[Dead Oceans; 2020]

Fenne Lily may only be in her early 20s, but she’s matured significantly since the release of her 2018 debut album On Hold. While that was a set of heartbroken musings with plenty of gorgeously fluttering moments, on her second album, BREACH, she’s no longer wallowing in her sadness but instead analysing it, trying to understand it, and coming out the other side more confident. She has attributed this to spending a lot more time by herself – most notably when she holed up in Berlin on her own for a month – and coming to her feelings and thoughts from a place of self-compassion and self-righteousness.

BREACH kicks off with “To Be A Woman Pt. 1”, a vaporous introductory affair that seems to be her welcoming listeners into her powerful solitude with a bold statement about her womanhood, announcing “fuck falling apart” while also urging “don’t be afraid of me.” The album then kicks into gear with “Alapathy”, a driving indie rock song that sets the tone for the majority of the album – this more propulsive and built-up sound is a better vessel for Fenne’s tougher thoughts and admissions.

“Alapathy” is also a perfect encapsulation of where we find Fenne now; for starters, she’s inventing words (the title is a combination of the words ‘allopathic’ and ‘apathy’), and she fills the bustling song with piles of paranoid imagery (“I lose my mind under the glow of a temporary fade”) and concludes “I’m a ghost sometimes.” These conflicted feelings are picked up in the following track, the slow-drifting “Berlin”, which, although written the day after she went on a solo trip to the city’s infamous Berghain nightclub, is not about her sightseeing but about her coming to terms with her emotional development: “It’s not hard to be alone anymore / though I’m sleeping with my key in the door.” Another carefully painted self-portrait is “Solipsism”, where she feels run down by the world around her, retreats into herself, only to sigh with excellent theatricality: “run on empty / at one and twenty.”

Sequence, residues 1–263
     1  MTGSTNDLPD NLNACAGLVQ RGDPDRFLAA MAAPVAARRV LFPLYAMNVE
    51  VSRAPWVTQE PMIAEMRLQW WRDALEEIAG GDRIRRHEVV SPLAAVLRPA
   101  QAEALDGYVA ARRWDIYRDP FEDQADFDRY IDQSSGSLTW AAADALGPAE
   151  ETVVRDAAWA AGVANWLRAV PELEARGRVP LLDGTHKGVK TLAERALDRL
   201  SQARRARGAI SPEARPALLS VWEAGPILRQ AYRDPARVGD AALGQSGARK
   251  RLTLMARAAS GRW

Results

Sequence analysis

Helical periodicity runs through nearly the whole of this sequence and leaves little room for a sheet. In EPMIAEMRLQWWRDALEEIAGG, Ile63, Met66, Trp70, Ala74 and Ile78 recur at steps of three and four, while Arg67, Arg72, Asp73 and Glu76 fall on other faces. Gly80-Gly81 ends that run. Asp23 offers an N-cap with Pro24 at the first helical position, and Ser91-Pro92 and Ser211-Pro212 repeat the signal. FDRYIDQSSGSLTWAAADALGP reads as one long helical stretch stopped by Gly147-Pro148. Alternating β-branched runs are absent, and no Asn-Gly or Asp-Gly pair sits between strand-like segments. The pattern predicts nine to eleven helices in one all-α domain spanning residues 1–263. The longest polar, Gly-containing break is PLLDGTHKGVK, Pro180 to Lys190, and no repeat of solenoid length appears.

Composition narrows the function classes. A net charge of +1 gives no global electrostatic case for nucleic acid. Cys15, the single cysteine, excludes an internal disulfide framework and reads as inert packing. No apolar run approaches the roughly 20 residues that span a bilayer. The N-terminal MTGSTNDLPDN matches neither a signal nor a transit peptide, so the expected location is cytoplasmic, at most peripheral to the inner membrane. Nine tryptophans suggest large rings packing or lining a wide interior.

This ability to switch between emotional exposure and heavy sardonicism, all amidst pretty indie songs, is one of Fenne’s greatest strengths, and it becomes even more compelling when she is attacking an ex. “I, Nietzsche” is the first example to crop up on BREACH, her whisper-sung introduction belying the physicality of the line “you threw me up against the wall”, while the ultimate denouement is a slightly troubling one: “there’s nothing wrong but I need you / I’m looking for a reason to drown.”

Album centrepiece “Birthday” finds her in more provocative mood, delivering lines like “we talked about getting married / and now I hate your guts.” It also features the album’s most anthemic chorus, “you’re telling me I’m in your head like it’s a good thing / telling me she’s in your bed like it was nothing,” delivered over ribbons of violin with plenty of acidity and no self-pity, which makes it soar all the more. Another song that’s sure to be an instant fan favourite is “I Used To Hate My Body But Now I Just Hate You”, whose title pretty much says it all, but there are plenty of details – both worrying and humorous – to be gleaned from a dive into its lyrics, not to mention Fenne’s delivery, which is once again perfectly unimpressed.

BREACH finishes up with “Laundry and Jet Lag”, where Fenne is back at her most vulnerable as she explores her convoluted feelings about a whirlwind tour and strained romance. “Stains go away but I’m left with scars of you,” she concludes the song and the album, a simple but deadly effective line that at once reminds us of her powerful way with words and that she is still a very young woman. It’s just one small encapsulation of the brilliance of BREACH as a whole, and, like many other parts of the album, leaves us with plenty to think about.

While the warm emotionality and elegant melodicism of BREACH should earn her legions of fans, it’s the little snippets of hard-to-admit truth that are going to come to mean the most to people. It’s these moments that set her apart, and are as sure a sign as any that Fenne Lily is going to grow into an even more exciting and important artist in the years to come.

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